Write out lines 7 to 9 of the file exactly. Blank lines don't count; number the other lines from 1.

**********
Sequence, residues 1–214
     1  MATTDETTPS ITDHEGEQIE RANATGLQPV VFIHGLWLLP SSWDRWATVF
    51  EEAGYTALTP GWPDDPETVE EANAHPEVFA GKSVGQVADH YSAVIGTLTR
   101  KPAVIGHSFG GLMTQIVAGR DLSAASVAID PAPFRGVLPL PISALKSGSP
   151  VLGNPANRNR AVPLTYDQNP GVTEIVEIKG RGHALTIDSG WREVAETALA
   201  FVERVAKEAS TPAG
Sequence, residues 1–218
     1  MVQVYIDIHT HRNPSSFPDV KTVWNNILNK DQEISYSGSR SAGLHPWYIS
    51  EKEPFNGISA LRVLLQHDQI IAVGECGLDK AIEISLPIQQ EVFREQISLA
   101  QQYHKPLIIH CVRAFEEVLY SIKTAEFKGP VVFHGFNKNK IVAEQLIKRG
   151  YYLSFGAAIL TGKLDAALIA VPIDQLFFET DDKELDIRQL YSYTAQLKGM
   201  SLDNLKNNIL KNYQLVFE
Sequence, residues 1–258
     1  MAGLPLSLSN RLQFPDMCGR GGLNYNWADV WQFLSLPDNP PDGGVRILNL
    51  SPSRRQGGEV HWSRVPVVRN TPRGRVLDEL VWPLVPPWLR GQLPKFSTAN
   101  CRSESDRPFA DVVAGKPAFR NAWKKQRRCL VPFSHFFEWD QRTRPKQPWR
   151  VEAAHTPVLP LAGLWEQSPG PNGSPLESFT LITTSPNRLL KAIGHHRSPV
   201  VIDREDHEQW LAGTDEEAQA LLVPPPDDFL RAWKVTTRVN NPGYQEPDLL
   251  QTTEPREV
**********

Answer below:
Sequence, residues 1–218
     1  MVQVYIDIHT HRNPSSFPDV KTVWNNILNK DQEISYSGSR SAGLHPWYIS
    51  EKEPFNGISA LRVLLQHDQI IAVGECGLDK AIEISLPIQQ EVFREQISLA